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Investing and the fiduciary standard

By Sheyna Steiner ·
Wednesday, September 8, 2010
Posted: 11 am ET

There's been an ongoing debate on the role of the fiduciary standard in the financial services industry. On the one hand, consumers have a responsibility to research their investing options. On the other hand, that's often why consumers seek investing advice in the first place.

Unfortunately for consumers, sometimes the people who benefit the most from certain investment products are the same ones giving advice. And that leads to a conflict of interests, usually with the individual investor on the losing side.

Registered investment advisers are held to the fiduciary standard, which means they must put their client's interests before their own. Brokers are held to the less stringent suitability standard which requires that clients confirm that their investing goals, income and risk tolerance are suitable for the investments they are buying.

The recently enacted Dodd-Frank Act gave the SEC the authority to enact a universal fiduciary standard across the financial services industry if the agency found cause to do so. The SEC took comments on the issue through August.

According to Alex Leondis, reporting for, opposition to the proposed standard was most vehement from dual-registered insurance agents.

In a story titled, "Insurance agents oppose fiduciary standard in comments to SEC," Leondis reports that the insurance industry may be reluctant to disclose conflicts of interest when dealing with clients. Some products sold by the insurance industry, variable annuities, are often criticized for their hidden fees and confusing compensation structure.

Have you ever been taken advantage of by a finance professional and would a universal fiduciary standard be appropriate?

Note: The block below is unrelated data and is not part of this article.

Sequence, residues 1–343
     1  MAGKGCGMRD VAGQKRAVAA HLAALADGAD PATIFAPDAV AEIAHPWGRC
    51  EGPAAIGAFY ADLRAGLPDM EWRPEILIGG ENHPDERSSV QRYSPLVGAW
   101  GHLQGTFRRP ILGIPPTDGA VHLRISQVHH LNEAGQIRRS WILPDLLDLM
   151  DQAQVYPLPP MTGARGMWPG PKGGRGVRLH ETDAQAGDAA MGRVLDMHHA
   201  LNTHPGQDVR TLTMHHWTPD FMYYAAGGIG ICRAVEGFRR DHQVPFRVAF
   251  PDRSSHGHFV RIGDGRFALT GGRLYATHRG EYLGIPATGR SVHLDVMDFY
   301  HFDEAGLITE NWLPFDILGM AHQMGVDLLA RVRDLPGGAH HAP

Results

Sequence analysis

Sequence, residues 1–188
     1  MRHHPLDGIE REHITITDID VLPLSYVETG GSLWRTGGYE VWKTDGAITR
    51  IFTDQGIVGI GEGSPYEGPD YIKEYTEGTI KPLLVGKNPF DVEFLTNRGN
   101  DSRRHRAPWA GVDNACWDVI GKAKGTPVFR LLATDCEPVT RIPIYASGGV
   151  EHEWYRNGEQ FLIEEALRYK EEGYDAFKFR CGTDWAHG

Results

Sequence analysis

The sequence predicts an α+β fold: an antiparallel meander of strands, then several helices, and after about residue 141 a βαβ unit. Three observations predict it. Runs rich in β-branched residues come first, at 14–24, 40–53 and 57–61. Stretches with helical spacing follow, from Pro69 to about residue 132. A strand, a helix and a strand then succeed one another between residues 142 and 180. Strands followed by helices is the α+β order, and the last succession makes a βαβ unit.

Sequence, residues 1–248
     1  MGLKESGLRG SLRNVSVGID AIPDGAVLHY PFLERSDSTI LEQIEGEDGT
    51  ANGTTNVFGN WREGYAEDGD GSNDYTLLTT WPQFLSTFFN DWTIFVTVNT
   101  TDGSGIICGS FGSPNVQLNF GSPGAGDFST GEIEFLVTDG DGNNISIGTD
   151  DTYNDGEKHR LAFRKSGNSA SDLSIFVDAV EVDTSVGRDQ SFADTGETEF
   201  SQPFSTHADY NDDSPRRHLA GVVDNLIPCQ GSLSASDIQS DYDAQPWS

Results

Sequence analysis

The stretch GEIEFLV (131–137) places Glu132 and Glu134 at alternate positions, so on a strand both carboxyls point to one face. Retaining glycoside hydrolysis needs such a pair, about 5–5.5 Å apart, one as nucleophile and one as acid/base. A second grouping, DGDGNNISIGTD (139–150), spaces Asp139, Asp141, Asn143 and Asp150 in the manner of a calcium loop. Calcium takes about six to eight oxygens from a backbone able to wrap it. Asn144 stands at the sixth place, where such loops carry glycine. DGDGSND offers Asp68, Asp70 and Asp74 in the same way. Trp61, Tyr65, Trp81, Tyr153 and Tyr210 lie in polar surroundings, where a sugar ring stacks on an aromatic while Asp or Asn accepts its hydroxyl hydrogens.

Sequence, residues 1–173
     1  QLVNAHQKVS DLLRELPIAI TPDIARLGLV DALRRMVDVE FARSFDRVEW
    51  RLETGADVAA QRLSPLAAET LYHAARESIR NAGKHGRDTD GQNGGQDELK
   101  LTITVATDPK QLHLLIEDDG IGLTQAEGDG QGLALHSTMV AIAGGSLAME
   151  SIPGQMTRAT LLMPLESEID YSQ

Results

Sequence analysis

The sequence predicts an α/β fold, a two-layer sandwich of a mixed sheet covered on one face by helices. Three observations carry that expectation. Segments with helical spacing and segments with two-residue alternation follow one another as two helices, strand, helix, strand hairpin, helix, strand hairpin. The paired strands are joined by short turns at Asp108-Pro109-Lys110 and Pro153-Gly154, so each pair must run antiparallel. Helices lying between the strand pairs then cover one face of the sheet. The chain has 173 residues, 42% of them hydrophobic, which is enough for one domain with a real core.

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September 08, 2010 at 2:46 pm

Actually, Suze is an industry joke. Those that can't teach...

Sheyna Steiner
September 08, 2010 at 1:32 pm

I'm not convinced that the media is a bigger problem. Possibly I'm biased.

There is a need for greater financial literacy in the country and Suze Orman has enterprisingly stepped up, for good or bad, I have no idea.

Honestly, I'm not too familiar with her advice but I know she really annoys some investment advisors. Two people I interviewed recently cited her specifically as advice to avoid. Which is understandable, it's hard to take general advice and make it specific to your situation.

However, I think it might be a little bit of sour grapes in some cases in that some investment professionals may only wish that they had thought of her shtick first.

September 08, 2010 at 1:09 pm

I wish the Act would extentd to the media as well. They are a larger problem than insurance agents. Ormanesque financial advice is problematic. That is why she dropped her she is now under media domain and has no fiduciary reqirements.

They should at least require a disclosure underneath their articles.